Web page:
The story of a writer often begins with the story of a reader. It begins with a passion for the written word, a longing for stories. I consumed stories. I was voracious. I read far above my grade level, and below it as well, reading the books on my classroom shelf, my parents’ shelves, and the stuff my younger sister left lying around. At twelve I was reading Stephen King, and the Bailey School Kids, and the Redwall books.
When I read that’s all I do. I disappear. I don’t hear people around me anymore. I read until I have to stop, or until the book is done. I have burnt dinner. I’ve been late for work. I’ve stayed up far past my bedtime. When my son was born I read a lot while nursing. I tried to do this when my daughter was born but realized it wasn’t safe – I’d lose track of my then-two-year-old son. I put books aside almost entirely for a few years, only flipping through a few old favourites to satisfy my need for words, books I could put down easily because I knew what happened in the end.
Often people ask writers where they get their ideas from and I’ve written about inspiration and motivation before. I think before we have ideas for individual stories we have the idea that we can write stories. Something clicks inside of us and we go ‘hey, maybe I could do this’. And then the story ideas start. There’s still time to turn back at this point, still time to say, ‘no, it’s too much trouble, I’ll just keep my nose in this book’, and that’s what many people do.
For me that click very quickly became a need. I realized I had stories to tell, stories that were important to me, ideas I wanted to share. I often feel like I have no choice in this anymore. I must continue to write. The ideas come faster than I can record them. I have projects I will never finish, and more I will never even have time to start. I am driven by a need to reach out to people, to communicate across time and space and reality, just as so many authors were able to do with the books I have read.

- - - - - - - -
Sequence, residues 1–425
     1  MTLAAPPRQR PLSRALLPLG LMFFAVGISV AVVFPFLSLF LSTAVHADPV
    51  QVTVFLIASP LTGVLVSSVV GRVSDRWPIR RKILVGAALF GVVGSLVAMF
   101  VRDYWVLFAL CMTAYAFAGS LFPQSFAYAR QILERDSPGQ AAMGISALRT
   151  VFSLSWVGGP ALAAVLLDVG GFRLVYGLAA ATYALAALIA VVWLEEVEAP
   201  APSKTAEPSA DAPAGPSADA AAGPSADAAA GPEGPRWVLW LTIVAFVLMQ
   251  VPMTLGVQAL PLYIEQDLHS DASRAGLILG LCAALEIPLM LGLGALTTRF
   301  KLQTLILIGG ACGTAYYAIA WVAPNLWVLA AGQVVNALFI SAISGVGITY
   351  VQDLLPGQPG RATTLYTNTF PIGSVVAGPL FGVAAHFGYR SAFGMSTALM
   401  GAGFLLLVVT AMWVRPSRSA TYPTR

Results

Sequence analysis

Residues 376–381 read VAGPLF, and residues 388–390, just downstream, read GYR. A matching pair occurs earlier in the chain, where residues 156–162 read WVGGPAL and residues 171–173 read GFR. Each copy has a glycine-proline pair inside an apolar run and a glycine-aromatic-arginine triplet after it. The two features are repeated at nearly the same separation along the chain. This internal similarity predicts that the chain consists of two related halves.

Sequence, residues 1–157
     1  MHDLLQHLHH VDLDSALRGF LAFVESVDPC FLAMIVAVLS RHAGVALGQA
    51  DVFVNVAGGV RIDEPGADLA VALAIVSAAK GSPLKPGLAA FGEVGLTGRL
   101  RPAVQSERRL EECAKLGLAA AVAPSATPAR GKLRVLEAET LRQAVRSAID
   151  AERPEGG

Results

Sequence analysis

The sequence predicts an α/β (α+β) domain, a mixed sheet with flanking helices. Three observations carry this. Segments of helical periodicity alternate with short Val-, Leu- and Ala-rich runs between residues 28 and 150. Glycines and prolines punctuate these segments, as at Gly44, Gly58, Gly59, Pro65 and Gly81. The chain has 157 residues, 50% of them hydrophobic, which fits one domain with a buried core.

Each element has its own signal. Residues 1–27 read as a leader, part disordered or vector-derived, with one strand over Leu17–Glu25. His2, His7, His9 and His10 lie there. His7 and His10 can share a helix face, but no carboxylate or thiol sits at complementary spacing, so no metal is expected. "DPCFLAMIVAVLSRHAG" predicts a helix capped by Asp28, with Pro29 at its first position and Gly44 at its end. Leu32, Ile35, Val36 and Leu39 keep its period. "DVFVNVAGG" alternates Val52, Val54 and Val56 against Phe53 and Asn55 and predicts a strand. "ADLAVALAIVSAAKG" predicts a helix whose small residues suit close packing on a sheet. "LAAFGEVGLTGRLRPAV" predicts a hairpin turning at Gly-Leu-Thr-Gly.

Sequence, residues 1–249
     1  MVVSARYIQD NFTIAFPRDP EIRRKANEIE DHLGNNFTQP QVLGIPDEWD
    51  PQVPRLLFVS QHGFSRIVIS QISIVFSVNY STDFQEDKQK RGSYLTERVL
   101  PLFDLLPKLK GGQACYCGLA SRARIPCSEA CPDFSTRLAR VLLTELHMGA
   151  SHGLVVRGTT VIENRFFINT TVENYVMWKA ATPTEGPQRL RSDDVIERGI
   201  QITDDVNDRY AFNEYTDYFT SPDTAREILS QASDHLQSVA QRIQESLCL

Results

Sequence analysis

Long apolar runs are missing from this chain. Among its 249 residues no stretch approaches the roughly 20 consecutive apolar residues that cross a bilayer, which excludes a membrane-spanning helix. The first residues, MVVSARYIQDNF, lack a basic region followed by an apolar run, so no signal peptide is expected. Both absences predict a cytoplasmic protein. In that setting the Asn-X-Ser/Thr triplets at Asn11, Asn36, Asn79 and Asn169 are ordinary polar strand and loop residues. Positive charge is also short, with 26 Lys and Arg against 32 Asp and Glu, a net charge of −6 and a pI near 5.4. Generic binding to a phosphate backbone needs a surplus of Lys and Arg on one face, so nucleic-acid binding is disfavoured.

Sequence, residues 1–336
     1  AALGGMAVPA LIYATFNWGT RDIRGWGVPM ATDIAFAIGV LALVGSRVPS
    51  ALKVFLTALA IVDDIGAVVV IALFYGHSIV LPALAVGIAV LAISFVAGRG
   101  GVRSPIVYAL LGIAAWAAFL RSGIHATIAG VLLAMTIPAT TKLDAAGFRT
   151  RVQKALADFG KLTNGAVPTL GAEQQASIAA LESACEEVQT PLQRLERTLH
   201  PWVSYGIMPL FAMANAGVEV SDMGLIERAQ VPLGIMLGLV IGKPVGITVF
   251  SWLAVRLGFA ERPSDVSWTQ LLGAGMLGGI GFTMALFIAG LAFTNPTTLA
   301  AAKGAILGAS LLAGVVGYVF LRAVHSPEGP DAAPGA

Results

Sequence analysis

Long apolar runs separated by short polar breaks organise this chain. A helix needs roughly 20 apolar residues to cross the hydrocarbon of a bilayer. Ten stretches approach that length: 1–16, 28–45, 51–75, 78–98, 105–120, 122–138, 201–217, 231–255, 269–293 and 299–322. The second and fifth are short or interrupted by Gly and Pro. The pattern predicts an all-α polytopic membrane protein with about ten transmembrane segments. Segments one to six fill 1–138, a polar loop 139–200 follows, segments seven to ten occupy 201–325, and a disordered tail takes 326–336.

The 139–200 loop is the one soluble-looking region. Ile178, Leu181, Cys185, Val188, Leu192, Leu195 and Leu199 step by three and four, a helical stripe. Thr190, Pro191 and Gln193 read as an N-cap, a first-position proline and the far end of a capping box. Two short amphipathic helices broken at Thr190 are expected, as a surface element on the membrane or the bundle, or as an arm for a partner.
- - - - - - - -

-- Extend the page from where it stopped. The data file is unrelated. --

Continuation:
I have been inspired to start and continue this journey by so many authors, big name or indie, local or international, best sellers or obscure. I cannot list them all, I cannot remember them all, but here are a few books and authors I recommend:
Misty of Chincoteague: my mother read this to us when we were young and I remember the cover. It was a hardcover edition from the library with this close up of a grey horse face and the mane flowing around it. It was magical and stuck with me even when I couldn’t remember the name of the book. I did find it back again and reread it in high school along with King of the Wind and Cinnabar.
MAUS: A difficult read, one I undertook at thirteen when we did WWII in school. One of my favourite books of all time. It was dark but somehow humorous at times. It was honest, about his father’s life and his own, even his own failings. I think it’s that honesty and the stark black and white style that grabbed me.
Stephen King, Tamora Pierce, David Eddings, Anne Bishop, Patricia Briggs, Mark Leslie, Geralyn Wichers, Marianne Curtis, George RR Martin.
And it wasn’t limited to books – I learned a lot about story telling from television as well. TV can teach you about pacing, character, cliff-hangers, and more, but it cannot teach you about sentences and words and paragraphs, for that you must read.
X-Files, Xena, Andromeda, Sliders, The Lost World (TV show and the movie), Buffy (TV show).
I find it fascinating what inspires people and what pop culture helped shape them and their voice/vision. This is just a part of my list. Which books/movies/TV shows/authors are on your list?